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For Mr. Robot, the devil is in the details
Erik Madigan Heck for TIME

Rami Malek has taken a beating–or at least it certainly looks that way. It’s a sunny spring day in Brooklyn, and he’s on a break from shooting a scene for his show Mr. Robot that’s left him in impressively bad condition. He fiddles with the contact lens that creates the illusion of a streak of blood in one of his eerie, saucer-like eyes. A makeup artist touches up one of his lesions. Malek points to his bruised face. “He’s still battling demons,” he says of his character, a hacker named Elliot. “It hasn’t turned up roses in Season 2.”

The same can’t be said for USA’s Mr. Robot, returning July 13 after becoming last summer’s most surprising breakout hit. It’s a dark thriller about a coder (Malek) with a drug problem who’s recruited by a mysterious figure who calls himself Mr. Robot (Christian Slater) into joining a hacker group bent on taking down the 1%. The show won two Golden Globes–Best Drama and Best Supporting Actor (for Slater)–putting USA, a basic-cable network best known for sunny procedurals like Burn Notice, in the awards race.

Part of Mr. Robot’s appeal is that it looks like little else on television, from its diverse cast of characters–Malek is Egyptian-American, and the show’s hackers include a hijab-wearing Muslim woman and an Asian trans woman played by actor B.D. Wong–to its chilly cinematic style. The show even earned approval from Edward Snowden, who lauded its authenticity in an interview with Fusion.

That’s high praise for series creator Sam Esmail, who’s obsessed with accuracy, from shooting in real New York City neighborhoods–Chinatown, Queens, Coney Island–to using actual code onscreen. Esmail enlists experts in coding, politics and economics to consult on hacking and its ramifications. Spookily, Mr. Robot has predicted several real-life hacks before they happened, including the Ashley Madison data dump. That’s made the show popular with real hackers like the group Anonymous, though that comes with its own pitfalls: the cast members say they’ve nearly all been hacked.

It’s all close to home for Esmail, who was once suspended from college for a failed attempt at hacking himself; he went on to launch a tech start-up before becoming a writer and director. Mr. Robot was born in part from a frustration with the kitschy way Hollywood portrays the Internet, all binary digits and glowing tubes. “It always bothered me as a viewer when movies and shows gloss over the details,” Esmail says. So the beginning of the second season, which reckons with a financial collapse caused by the hackers, introduces an FBI agent hunting down the cybercriminals (Grace Gummer) and imagines the physical consequences of such an event. “Garbage would be piling up on the streets,” he says. “That would be one of the first cutbacks.”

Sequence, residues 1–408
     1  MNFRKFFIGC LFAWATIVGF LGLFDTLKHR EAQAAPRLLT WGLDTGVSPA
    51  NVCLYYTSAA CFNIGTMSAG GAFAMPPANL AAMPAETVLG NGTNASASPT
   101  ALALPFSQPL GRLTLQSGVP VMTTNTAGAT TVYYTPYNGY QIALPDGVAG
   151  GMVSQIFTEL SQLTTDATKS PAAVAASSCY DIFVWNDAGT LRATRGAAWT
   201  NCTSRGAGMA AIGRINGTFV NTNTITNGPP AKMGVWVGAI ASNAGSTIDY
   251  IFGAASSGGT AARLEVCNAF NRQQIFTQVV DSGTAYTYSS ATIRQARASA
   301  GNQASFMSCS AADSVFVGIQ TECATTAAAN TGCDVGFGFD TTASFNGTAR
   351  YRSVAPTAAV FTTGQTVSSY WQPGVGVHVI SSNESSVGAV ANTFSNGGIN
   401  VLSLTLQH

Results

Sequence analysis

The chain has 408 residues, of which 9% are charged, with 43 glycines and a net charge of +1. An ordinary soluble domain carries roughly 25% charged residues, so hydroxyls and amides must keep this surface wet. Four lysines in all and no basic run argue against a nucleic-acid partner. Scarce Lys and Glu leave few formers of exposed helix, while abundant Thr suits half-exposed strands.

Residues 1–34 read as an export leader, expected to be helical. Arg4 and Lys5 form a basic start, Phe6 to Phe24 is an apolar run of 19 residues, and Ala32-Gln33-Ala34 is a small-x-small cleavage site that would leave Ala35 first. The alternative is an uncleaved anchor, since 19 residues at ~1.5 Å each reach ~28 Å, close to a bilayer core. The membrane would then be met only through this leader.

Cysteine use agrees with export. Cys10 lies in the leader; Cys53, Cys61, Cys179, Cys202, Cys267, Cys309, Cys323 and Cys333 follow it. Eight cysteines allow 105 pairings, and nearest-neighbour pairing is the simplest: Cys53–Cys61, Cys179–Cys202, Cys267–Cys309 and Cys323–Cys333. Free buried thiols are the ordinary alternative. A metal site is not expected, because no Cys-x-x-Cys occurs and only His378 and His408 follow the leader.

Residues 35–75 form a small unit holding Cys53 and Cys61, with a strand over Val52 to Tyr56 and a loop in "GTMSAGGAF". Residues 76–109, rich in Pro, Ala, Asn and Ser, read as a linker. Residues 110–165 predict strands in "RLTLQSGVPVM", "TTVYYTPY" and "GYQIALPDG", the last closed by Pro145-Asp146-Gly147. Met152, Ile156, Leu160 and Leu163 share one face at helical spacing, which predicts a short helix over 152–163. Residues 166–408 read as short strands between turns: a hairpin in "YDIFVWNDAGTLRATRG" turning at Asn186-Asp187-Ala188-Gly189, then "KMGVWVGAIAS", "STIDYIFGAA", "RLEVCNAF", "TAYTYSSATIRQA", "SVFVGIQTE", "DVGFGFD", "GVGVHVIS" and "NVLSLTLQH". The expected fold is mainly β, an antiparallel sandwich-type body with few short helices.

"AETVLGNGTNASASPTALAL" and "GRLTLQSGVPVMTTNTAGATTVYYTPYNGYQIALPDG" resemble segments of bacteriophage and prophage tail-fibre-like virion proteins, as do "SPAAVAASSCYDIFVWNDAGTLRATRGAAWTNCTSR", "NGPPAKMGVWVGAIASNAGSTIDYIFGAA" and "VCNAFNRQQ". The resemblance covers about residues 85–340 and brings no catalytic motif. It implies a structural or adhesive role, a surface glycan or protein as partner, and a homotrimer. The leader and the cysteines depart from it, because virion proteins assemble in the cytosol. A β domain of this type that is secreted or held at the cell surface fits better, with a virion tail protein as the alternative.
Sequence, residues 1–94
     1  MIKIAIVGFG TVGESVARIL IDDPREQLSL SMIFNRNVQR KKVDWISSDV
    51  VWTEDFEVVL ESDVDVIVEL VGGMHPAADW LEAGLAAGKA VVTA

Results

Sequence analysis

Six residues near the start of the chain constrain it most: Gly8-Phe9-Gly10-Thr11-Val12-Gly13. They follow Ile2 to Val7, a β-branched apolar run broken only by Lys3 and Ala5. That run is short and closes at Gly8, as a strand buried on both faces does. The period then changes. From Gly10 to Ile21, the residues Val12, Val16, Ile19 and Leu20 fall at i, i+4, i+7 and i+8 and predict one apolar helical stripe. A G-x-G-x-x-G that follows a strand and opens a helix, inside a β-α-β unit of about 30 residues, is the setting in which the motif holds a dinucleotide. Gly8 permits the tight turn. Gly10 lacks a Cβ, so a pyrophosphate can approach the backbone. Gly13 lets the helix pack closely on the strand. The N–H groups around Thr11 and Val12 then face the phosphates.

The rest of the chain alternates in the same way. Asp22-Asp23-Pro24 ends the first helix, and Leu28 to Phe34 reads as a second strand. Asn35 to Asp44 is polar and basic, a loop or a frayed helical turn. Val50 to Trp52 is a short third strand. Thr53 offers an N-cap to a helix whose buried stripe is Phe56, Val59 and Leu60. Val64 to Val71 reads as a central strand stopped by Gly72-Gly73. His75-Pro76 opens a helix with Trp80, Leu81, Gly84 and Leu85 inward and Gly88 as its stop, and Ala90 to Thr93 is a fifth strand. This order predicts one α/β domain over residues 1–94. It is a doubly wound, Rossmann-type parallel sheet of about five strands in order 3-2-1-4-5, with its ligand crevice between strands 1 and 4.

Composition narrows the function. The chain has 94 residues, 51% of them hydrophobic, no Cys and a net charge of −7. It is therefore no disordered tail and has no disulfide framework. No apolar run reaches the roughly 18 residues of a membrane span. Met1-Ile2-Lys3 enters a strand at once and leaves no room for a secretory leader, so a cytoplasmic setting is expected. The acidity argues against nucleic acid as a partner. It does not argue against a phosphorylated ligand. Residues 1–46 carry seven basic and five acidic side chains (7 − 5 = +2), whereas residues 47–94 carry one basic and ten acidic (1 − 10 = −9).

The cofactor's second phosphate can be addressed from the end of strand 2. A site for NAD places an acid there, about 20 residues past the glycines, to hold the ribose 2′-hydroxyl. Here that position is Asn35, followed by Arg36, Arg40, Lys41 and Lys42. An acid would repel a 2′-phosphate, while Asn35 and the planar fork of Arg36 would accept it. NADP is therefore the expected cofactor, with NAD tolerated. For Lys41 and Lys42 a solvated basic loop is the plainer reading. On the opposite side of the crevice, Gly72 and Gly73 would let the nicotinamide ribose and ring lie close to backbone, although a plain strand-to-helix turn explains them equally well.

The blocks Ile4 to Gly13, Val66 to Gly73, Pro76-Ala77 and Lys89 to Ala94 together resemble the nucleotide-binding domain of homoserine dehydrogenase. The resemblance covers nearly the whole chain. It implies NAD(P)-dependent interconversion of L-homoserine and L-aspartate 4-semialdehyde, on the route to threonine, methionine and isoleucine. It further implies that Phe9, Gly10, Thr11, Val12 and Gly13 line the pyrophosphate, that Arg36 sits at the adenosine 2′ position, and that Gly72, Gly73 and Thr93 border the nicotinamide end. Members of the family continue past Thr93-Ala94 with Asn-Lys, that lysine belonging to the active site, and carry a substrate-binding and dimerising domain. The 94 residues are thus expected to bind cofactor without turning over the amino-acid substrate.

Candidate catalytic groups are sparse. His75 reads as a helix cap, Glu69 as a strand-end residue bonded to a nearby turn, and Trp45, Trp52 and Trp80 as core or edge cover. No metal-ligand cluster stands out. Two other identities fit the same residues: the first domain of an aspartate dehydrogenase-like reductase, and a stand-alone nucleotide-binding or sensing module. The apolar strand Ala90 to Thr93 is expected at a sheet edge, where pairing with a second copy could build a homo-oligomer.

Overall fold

“I’ve never experienced this level of preparation and attention to detail,” says Slater. “When we have a shot of [a QR code] that you can scan with your phone on the screen, I recommend everyone scan it because it will lead to some clue.” Those details, the actors say, help make the world more authentic, so they can better get in their characters’ heads. “When you see, from the top down, how much everyone cares, that makes an impact,” Malek says. “Sam gets performances out of me that no director ever has before.”

Esmail originally wrote Mr. Robot as a feature-length film, but the cinematic grandeur of the first season of True Detective convinced him that television was the right format. He already has four or five seasons plotted out: “The big reveal at the end of Season 1?” he says. “That was in the first 30 minutes of the movie version.” The show’s twists evoke Lost, one of Esmail’s favorite shows–though many fans believe Lost failed to stick its landing. “I’m past the point of worrying if people will be satisfied with the ending I’ve always had in mind,” says Esmail.

But where Mr. Robot’s story ends is beside the point. The show has tapped into universal anxieties about how our devices isolate us while making our darkest secrets vulnerable to skilled strangers. Are vigilantes like Elliot doing good or just generating chaos when they hack to reveal important truths? The answer may depend more on the viewer’s politics than the show’s. “It’s polarizing, politically,” says Malek, “which is not something TV really does.”

This appears in the July 04, 2016 issue of TIME.

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